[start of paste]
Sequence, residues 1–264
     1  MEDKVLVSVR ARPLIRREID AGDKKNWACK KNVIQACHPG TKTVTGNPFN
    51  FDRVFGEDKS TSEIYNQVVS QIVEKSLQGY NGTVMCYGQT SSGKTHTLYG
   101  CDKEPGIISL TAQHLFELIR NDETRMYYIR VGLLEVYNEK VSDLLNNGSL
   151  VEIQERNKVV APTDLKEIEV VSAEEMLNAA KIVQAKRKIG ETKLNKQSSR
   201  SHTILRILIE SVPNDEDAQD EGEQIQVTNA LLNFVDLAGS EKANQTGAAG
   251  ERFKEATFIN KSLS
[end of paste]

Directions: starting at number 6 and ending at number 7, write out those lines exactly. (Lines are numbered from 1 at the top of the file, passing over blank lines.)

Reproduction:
   201  SHTILRILIE SVPNDEDAQD EGEQIQVTNA LLNFVDLAGS EKANQTGAAG
   251  ERFKEATFIN KSLS